I took a walk to the colonial area of town. The walk takes 45 minutes, so in hindsight it wasn't my best idea to wear thongs. After pretty much of all of my travel in Bolivia, Peru and Ecuador required me to wear my hiking boots, I'm excited by any opportunity to rock my Havaianas. Anyhow about halfway there I realised I had a blister that had popped and my thongs rubbed it just the wrong way. Cue an uncomfortable afternoon out - but on the plus side good ol Mum sent me away with deluxe blister plasters so I whacked one of those on it this morning and it seems to be doing the trick. Thanks Carole! I was starting to wonder if I was walking the right way at all - I will know you know I followed the map and directions given to me perfectly Dani and Caitilin, and then finally I reached the fish market, which is really close. Casco Viejo is sweet. I much prefer it to the majestic skyscrapers in the newer parts of town. The roads are paved with bricks, the buildings are nice yellows, blues, reds and browns. It's a step back to a simpler time. Being super hot, it definitely called for some gelato. Perfecto.
After that I had intended to venture onto the Panama Canal. But by the one I got to Albrook Mall where you catch the bus, I was hungry and tired. So I wandered aimlessly round this MASSIVE mall, seriously it could rival Chadstone me thinks. It was exactly what my tired body and tireder mind needed. I even managed to replace my lost Kathmandu jumper (RIP) with a new Zara one for only $10. Wew!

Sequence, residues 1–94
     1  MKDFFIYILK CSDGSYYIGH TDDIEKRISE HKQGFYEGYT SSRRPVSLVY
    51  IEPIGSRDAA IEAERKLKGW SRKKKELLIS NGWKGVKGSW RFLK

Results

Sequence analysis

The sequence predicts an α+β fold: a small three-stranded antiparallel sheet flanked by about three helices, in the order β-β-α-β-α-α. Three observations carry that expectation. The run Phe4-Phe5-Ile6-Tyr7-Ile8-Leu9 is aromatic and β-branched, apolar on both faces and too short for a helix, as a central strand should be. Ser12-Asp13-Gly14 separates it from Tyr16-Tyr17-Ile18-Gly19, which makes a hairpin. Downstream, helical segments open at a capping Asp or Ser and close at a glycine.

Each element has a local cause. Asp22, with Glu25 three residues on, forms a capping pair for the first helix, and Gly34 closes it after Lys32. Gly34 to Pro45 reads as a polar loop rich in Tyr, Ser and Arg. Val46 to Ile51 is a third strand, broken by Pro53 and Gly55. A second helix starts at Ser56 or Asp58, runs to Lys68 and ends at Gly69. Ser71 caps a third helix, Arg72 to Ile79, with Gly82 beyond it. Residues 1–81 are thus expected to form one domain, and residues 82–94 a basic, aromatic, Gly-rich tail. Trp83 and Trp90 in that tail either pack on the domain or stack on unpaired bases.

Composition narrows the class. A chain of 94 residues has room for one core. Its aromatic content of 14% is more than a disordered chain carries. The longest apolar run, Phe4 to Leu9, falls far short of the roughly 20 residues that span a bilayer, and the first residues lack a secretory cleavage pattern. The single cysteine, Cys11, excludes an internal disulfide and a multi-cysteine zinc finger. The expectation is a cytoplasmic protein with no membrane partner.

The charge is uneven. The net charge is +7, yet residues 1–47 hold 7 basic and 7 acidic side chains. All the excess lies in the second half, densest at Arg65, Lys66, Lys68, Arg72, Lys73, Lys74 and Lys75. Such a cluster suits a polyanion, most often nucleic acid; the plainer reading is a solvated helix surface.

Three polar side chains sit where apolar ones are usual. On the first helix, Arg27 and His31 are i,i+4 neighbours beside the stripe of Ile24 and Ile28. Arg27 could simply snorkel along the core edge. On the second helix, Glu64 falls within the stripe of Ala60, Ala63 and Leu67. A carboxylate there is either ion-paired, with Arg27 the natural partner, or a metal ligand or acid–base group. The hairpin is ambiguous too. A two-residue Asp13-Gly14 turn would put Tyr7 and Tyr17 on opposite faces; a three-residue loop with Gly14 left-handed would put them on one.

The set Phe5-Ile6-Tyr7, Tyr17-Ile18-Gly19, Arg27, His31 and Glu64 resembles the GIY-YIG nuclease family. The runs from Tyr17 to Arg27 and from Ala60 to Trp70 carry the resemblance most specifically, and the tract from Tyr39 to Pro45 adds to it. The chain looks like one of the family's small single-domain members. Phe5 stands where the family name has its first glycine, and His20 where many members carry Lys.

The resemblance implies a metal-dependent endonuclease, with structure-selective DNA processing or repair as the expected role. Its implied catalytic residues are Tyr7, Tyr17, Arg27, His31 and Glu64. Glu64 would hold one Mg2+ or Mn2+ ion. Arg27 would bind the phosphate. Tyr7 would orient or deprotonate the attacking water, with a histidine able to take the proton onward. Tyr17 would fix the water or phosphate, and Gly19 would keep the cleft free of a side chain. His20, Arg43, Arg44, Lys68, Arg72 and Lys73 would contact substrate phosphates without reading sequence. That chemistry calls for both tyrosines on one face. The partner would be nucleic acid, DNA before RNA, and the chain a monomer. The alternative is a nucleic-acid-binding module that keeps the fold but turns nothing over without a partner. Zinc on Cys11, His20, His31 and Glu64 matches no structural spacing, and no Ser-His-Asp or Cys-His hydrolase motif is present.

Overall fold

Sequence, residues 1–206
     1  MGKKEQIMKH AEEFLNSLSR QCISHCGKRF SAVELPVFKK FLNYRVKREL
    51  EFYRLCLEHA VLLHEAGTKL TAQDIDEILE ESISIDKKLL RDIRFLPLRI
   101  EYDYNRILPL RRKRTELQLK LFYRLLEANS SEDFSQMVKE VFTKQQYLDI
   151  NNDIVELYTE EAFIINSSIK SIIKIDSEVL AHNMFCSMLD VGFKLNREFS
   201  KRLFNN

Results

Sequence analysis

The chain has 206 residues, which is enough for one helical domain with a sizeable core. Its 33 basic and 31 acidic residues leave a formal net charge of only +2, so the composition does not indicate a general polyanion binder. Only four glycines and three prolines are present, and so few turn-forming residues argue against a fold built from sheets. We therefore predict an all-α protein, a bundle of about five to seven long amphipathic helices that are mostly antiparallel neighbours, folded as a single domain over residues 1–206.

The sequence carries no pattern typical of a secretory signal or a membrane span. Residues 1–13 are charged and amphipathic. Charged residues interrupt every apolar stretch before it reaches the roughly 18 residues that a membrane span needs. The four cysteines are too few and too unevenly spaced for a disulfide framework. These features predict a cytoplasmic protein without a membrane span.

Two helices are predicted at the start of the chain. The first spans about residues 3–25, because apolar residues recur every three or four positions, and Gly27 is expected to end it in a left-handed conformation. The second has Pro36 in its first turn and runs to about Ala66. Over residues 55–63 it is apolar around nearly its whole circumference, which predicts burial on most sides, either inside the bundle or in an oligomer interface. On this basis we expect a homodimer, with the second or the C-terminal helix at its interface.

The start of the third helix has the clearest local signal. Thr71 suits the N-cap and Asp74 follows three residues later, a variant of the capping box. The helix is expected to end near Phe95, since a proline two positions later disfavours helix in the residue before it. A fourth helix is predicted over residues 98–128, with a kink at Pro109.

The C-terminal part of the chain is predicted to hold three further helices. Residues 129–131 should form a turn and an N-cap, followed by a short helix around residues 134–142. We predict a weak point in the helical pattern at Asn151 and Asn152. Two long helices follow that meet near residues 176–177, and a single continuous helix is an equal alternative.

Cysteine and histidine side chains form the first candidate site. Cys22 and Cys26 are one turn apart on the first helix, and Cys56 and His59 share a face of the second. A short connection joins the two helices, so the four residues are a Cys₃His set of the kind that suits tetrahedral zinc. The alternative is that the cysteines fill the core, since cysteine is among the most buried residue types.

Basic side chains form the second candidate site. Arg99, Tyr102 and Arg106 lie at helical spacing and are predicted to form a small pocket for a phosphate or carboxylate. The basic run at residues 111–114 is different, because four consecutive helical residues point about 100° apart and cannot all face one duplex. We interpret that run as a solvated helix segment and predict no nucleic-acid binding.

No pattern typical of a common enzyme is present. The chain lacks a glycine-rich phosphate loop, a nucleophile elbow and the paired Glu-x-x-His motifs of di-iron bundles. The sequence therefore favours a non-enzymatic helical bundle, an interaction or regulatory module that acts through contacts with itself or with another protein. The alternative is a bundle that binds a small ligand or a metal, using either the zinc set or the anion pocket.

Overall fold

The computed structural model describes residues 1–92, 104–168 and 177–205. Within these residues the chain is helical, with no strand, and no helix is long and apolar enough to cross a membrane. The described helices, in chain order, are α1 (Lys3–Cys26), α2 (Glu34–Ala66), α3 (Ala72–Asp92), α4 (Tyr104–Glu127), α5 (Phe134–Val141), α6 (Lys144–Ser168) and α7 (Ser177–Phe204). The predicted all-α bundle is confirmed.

BBQ dinner at the hostel. Easy. But no comparison to the BBQs of South America, especially Argentina. I got talking to some Swedish guys. One who had been traveling Central America, which was really interesting to hear about.
My second day started with dismay at the hostel provided breakfast. Pancake mix that you had to cook yourself. No thanks. So I went to a cafe brimming with locals (usually a good sign) and enjoyed a really nice, filling breakfast. For once I didn't mind eating he bread because it was real, tasty bread. So excellent.